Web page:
I started out as a hi-fi hobbyist in the late 1950s in the San Francisco bay area. The hobby was really starting to take off at that time. The dawn of stereo records, stereo fm, stereo tape, and stereo components! I wanted to work for one of the bay area dealers so bad—Cal Hi-Fi, anyone remember them? Of course, they bit the dust as did Pacific Stereo, Federated, the indies, and now The Good Guys are gone. Where would I be? Would I have made any money? Any pension? Maybe I am a lot happier just because all these years it has been my main interest and activity and I never had to deal with it from 9 to 5. Of course it would have been more like 12 hour days, six days a week. I think I was very lucky to have taken another direction in employment, although I still think of all the fun it would have been.

nemesis's picture

The real angle on the hifi biz is to be a jake leg reviewer and get gear for free/accomodation for a good review like fremer (lower case intentional).

Cihangir G's picture

In fact, the answer is "Yes, I did." When I was student, I prepared a project for reliability of a specific loudspeaker system and got a top grade and in those days I was dreaming "I wish I had my own loudspeaker company." But after learning that so many manufacturers doing the same thing, seeing a Chinese company selling a pair of JM Lab Grande Utopia copy with a different name for $10,000 USD and knowing that soooo many people depending on iPods, it is not a dream of mine anymore.

Tony P., Washington, DC's picture

I've thought about selling audio gear part-time, but even as a part-time job, it just doesn't seem like it would have enough stability.

H.  Williams, Hollywood Hills's picture

In today's economy, one might aspire to starting a business; however, I believe that most Americans are thankful for a job that pays regular wages and, if lucky, provides health benefits.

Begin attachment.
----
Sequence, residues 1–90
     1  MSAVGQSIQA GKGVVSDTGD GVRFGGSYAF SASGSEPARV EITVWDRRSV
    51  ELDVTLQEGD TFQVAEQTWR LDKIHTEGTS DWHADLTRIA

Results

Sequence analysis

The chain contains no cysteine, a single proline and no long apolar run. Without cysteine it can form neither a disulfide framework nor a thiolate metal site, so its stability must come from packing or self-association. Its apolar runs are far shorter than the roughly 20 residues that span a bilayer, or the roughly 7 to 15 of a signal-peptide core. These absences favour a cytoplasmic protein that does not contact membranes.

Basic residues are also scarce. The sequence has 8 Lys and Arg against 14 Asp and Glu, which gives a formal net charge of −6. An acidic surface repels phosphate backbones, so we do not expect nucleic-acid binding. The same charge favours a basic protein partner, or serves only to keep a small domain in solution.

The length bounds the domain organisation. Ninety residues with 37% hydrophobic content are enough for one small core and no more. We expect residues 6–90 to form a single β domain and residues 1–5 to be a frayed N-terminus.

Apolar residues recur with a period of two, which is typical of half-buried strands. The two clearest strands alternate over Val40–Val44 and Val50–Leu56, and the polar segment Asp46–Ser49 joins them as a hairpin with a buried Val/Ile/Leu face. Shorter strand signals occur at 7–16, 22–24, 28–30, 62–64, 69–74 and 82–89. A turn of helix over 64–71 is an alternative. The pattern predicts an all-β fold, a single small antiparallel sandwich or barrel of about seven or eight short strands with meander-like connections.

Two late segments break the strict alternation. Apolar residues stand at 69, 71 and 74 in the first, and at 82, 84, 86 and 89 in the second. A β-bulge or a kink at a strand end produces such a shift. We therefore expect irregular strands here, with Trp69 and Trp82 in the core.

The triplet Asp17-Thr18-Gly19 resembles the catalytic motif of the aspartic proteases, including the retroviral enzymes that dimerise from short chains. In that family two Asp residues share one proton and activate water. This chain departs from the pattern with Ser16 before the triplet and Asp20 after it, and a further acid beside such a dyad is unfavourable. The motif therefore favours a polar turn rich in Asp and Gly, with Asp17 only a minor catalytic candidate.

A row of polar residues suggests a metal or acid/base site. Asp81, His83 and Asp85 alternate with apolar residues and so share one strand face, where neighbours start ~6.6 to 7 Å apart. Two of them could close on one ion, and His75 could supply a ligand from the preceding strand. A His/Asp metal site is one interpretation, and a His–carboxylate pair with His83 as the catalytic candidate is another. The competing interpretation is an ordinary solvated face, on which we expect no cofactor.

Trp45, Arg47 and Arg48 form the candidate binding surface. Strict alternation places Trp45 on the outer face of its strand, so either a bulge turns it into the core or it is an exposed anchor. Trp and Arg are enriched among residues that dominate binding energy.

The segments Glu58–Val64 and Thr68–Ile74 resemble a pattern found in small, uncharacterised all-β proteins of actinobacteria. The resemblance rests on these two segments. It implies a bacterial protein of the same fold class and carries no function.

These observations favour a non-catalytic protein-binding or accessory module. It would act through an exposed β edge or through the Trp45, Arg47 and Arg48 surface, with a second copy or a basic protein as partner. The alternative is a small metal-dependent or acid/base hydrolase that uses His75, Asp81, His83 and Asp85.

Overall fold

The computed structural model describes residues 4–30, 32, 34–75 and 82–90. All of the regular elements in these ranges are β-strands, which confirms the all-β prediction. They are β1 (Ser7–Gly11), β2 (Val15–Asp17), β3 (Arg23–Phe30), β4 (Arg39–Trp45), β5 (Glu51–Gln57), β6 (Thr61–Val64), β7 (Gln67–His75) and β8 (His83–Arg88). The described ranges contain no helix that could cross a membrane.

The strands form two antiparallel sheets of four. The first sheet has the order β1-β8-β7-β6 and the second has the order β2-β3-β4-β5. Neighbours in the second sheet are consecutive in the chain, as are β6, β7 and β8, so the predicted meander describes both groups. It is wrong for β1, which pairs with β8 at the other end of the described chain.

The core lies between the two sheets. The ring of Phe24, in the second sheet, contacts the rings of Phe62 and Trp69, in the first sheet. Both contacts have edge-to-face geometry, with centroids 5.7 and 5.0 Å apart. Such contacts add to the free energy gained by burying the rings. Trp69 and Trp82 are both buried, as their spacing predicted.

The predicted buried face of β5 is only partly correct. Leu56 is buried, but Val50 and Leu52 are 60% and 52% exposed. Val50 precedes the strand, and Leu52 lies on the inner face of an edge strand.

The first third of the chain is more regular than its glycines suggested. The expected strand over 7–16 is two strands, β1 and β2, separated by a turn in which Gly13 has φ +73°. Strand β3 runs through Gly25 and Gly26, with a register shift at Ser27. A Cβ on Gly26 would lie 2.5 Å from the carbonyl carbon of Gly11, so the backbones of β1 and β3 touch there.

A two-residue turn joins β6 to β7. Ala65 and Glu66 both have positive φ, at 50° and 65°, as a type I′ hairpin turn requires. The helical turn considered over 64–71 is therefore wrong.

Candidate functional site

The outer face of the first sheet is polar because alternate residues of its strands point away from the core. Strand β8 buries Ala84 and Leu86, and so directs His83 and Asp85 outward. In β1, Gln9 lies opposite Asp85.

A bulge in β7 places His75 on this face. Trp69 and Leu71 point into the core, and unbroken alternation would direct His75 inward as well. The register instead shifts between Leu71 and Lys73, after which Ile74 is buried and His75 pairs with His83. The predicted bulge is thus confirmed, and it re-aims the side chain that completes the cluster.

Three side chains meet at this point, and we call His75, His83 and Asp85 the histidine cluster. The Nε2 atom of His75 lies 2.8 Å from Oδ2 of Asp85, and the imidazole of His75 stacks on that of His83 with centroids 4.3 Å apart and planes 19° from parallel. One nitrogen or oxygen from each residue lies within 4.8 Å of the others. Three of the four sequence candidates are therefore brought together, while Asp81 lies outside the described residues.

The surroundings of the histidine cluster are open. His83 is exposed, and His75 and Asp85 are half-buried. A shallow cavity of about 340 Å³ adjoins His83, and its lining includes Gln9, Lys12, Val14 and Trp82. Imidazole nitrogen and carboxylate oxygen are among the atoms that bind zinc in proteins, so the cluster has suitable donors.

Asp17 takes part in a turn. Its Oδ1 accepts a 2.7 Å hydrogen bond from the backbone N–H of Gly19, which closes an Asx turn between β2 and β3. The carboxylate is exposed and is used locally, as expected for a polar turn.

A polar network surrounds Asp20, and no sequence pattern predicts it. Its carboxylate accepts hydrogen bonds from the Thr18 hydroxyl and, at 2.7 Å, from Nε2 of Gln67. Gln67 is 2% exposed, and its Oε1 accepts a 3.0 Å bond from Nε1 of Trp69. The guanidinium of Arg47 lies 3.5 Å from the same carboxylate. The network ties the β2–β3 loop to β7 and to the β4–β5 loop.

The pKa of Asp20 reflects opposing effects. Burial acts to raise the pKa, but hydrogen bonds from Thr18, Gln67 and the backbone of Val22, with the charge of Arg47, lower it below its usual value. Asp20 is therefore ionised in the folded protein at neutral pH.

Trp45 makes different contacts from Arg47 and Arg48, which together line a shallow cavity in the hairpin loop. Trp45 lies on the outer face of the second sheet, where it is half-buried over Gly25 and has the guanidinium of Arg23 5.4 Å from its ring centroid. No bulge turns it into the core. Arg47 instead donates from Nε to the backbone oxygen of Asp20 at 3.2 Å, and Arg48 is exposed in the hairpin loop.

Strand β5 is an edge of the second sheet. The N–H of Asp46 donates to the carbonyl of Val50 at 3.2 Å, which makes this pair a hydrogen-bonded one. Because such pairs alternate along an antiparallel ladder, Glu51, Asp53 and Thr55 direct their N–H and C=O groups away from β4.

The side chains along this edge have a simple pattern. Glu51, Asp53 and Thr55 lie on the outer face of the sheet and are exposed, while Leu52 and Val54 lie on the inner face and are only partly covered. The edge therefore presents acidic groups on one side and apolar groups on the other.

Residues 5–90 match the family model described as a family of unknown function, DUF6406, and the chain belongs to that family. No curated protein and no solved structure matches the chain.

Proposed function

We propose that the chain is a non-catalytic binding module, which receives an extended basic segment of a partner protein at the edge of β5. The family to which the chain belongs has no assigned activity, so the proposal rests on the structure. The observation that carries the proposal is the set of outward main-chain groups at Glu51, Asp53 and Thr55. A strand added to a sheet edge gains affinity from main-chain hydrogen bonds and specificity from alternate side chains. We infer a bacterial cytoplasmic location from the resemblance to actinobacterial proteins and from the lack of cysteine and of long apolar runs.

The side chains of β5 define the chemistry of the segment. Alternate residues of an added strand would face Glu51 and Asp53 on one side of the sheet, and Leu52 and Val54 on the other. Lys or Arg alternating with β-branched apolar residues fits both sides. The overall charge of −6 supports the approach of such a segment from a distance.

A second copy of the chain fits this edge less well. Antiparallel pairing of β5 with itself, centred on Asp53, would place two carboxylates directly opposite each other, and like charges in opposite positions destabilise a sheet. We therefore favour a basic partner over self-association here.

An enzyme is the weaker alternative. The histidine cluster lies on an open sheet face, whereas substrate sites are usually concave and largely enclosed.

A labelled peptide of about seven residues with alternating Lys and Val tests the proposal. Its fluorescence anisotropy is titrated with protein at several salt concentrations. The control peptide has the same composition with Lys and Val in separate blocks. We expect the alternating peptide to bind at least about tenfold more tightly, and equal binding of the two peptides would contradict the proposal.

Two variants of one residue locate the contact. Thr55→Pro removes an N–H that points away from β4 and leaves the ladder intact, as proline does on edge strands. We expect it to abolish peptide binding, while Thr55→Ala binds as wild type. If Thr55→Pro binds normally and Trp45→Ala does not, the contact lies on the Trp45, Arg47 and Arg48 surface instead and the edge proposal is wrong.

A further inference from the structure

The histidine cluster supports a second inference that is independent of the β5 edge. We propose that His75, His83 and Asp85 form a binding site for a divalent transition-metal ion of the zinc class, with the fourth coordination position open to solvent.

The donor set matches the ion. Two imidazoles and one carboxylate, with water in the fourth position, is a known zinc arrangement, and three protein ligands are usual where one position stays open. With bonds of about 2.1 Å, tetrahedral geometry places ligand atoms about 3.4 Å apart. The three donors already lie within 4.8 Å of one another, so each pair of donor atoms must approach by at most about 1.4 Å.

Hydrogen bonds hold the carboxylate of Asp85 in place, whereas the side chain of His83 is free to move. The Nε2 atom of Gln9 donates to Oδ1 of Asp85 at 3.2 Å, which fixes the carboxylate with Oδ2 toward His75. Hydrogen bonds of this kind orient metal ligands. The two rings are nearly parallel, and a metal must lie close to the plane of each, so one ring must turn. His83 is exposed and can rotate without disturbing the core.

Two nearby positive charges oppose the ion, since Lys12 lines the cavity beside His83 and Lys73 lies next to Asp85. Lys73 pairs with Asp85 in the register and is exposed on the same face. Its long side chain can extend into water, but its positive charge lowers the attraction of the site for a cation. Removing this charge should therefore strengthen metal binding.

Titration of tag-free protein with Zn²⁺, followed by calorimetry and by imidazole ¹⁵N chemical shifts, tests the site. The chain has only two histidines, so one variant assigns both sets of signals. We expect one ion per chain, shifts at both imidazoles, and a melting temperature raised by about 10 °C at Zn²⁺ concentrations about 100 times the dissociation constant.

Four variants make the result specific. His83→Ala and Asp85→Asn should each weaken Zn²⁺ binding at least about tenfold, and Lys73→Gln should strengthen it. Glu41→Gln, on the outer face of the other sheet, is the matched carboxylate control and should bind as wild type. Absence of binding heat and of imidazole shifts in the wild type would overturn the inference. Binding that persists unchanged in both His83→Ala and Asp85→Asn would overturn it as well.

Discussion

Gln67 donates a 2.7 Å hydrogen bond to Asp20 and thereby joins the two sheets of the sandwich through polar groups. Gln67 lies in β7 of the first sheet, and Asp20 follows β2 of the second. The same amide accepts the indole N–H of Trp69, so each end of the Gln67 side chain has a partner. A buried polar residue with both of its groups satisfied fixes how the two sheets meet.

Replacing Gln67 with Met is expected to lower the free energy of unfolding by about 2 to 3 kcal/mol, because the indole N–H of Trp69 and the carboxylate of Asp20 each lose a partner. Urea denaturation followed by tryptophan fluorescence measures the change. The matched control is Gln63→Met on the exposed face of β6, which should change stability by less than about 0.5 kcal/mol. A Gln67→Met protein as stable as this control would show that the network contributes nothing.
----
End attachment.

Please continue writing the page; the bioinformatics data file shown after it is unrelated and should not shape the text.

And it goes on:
anthony.statam.@pillsburylaw.c's picture

I'm really interested in the audio business, but I have absolutely no idea about how to start. Do you have any suggestions?

brent rainwater's picture

I have been thinking of it for years.

Gerald K.  Clifton's picture

Yes, but I'm just dreaming. This is not the time for mom and pop retail in general, much less for a specific business that caters to a demographic sector that has always been rare and is becoming rarer as we speak. A successful business must be able to service revolving and constantly recurring debt by consistently turning over inventory. Stretches of "dead" time are suicidal for any small business owner. The macroeconomical climate does not favor taking on such risks: about 300 trillion (conservative estimate -- nobody can really count that high) in US dollar-based credit swap derivatives are lurking out there, the various participants humping for 6–10% returns (leveraged through the chain of crazies known as the "carry trade")while waiting for the first loser to yell "fire." Add this macro-situation, the mother of us all, to the micro-mix of individuals tapped out on SUV's, home equity refinances, and the plastic we all use to satisfy our "audiophile" whims and you get a rather volatile mix that the system won't be able to handle, come the inevitable implosion. I wouldn't want to have to sell a couple-three $30,000 sound systems a month to keep afloat in this environment. Savvy e-tailers have a chance. Stake my economic life on owning or renting (or working for) a brick-and-mortar joint?? Uh-uh. Do y'all out there think London gold fixed this morning at $560+ 'cause lotsa folks wanna buy earrings? Hunker down, boys and girls, the big one's comin'.